Rights group seeks military commissions stay for alleged 9/11 attackers

[JURIST] Human Rights First [advocacy website] Monday filed an amicus curiae brief [text, PDF] requesting a stay of military commission proceedings [press release] against five Guantanamo Bay [JURIST news archive] detainees, including Khalid Sheikh Mohammed [BBC profile; JURIST news archive], the self-proclaimed architect of the 9/11 attacks [JURIST report], until President-elect Barack Obama [transition website] takes office in January. The group filed the brief to stay the proceedings after Mohammed and the other defendants said they wanted to withdraw all motions and plead guilty [JURIST report] earlier this month. The suspects postponed their offers to plead guilty [JURIST report] to the charges against them after the judge required competency hearings for two of them, but Human Rights First says that prosecutors continue to push the case forward and are likely to seek another hearing before Obama's inauguration. The brief argues that because Obama has pledged to close the Guantanamo military prison and end the military commissions system, "there is no legitimate reason to expend judicial resources prosecuting a capital case under a system that will be obsolete before the matter can be tried."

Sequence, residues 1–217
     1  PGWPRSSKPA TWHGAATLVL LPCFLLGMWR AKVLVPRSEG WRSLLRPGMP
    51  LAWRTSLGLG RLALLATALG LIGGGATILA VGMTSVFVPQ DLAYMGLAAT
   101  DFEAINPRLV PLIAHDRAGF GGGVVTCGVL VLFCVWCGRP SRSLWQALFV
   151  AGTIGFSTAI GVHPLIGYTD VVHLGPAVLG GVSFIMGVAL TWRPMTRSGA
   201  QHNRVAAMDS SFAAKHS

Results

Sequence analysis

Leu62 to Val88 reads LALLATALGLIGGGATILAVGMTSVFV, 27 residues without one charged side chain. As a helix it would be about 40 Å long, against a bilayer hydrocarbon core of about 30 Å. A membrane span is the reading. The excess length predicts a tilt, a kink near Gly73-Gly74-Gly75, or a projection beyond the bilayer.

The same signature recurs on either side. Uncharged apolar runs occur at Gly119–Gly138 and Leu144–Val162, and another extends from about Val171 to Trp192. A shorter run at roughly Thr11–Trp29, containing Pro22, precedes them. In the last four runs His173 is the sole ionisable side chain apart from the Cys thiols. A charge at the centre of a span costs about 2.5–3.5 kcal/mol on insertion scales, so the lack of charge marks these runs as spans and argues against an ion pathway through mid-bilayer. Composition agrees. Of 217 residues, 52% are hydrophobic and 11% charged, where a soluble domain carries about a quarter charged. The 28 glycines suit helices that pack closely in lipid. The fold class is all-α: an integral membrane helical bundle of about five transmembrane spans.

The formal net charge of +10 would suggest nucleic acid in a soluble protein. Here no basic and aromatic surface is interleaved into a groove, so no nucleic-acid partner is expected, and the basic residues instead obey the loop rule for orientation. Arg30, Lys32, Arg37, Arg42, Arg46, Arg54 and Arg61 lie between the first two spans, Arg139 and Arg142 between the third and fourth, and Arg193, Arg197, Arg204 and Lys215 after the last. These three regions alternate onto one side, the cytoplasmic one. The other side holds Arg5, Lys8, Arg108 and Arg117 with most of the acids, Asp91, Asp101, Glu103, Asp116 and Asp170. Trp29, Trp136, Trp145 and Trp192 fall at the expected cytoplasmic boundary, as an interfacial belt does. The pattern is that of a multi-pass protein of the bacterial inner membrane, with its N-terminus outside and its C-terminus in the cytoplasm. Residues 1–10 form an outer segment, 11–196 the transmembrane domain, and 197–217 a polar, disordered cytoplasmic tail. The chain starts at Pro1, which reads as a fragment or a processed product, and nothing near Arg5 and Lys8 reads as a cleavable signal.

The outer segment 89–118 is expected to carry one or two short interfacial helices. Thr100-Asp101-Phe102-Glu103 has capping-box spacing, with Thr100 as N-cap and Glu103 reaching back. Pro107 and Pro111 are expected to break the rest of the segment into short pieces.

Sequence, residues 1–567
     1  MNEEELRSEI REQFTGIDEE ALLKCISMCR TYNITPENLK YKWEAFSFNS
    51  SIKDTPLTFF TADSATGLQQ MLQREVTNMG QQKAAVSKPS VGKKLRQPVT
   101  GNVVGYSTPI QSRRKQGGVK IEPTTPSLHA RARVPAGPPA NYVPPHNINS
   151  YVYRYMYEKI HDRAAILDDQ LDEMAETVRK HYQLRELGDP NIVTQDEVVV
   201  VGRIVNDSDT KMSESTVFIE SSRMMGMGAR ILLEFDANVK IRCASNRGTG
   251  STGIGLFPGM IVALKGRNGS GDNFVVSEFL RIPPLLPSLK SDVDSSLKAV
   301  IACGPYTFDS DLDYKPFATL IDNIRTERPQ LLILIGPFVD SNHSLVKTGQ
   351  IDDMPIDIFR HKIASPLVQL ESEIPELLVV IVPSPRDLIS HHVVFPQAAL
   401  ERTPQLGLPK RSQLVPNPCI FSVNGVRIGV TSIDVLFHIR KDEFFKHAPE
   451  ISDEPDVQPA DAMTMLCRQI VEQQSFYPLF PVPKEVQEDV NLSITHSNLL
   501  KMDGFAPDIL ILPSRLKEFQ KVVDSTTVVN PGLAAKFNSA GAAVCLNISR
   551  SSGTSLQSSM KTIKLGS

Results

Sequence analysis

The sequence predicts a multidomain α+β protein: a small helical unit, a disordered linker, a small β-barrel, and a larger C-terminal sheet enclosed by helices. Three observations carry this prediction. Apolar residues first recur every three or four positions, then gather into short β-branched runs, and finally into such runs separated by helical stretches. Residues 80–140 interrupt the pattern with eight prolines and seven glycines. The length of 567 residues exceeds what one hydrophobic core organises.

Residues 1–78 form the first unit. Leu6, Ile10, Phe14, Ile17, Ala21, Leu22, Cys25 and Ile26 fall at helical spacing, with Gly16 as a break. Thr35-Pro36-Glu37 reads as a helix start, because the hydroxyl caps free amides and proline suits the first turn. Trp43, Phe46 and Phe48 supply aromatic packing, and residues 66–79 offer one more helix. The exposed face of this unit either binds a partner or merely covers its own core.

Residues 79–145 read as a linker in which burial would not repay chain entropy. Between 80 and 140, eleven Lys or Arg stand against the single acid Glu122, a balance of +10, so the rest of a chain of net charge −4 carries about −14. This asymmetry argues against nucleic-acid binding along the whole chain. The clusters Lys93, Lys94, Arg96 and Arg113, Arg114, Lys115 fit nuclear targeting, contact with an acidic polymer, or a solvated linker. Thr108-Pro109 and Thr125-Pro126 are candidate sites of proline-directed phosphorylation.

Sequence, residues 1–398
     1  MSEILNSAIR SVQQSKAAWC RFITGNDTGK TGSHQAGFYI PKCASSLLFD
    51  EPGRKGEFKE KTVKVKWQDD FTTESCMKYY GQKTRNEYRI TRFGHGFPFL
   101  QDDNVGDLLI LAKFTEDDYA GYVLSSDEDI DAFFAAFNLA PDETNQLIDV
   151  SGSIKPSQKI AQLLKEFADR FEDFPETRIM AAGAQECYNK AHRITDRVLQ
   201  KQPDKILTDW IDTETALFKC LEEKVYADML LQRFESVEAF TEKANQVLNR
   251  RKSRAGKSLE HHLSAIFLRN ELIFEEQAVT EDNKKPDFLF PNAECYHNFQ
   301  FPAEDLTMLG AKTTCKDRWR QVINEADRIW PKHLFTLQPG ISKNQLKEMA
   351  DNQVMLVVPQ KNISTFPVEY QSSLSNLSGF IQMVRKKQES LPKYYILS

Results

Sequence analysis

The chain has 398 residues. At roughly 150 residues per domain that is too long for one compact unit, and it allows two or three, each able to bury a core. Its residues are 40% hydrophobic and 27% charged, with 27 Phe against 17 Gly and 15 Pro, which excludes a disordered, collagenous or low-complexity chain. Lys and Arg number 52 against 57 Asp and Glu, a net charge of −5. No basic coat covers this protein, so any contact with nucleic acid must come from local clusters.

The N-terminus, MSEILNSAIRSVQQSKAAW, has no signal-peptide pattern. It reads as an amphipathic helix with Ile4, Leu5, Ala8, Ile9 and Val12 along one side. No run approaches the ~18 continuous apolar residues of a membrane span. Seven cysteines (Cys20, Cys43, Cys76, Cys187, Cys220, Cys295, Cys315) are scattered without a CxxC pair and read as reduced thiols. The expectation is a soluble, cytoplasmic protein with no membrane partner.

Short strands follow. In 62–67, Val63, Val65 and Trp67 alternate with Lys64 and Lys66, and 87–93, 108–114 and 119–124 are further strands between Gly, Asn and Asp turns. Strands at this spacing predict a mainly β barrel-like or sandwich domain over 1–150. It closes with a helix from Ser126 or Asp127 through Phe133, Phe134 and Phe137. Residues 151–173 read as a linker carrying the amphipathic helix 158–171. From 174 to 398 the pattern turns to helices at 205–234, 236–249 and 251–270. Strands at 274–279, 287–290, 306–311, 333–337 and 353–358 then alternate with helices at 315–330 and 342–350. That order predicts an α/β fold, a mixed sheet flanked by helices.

Last week, US Secretary of Defense Robert Gates [official profile] ordered the Pentagon to draft a proposal for shutting down [press release; JURIST report] the military prison in preparation for a possible order from Obama. Rights groups have urged Obama to close the controversial military prison upon inauguration in January. Last month, the ACLU launched an ad campaign [image, PDF] calling on Obama to close Guantanamo Bay and end the use of military commissions on his first day in office. Also in November, HRW called upon Obama to denounce Bush administration counterterrorism policies [JURIST report] that they described as "abusive." Obama and his advisers have yet to reach a firm decision [JURIST report] on the closure of the facility and the future of the military commissions system.



 

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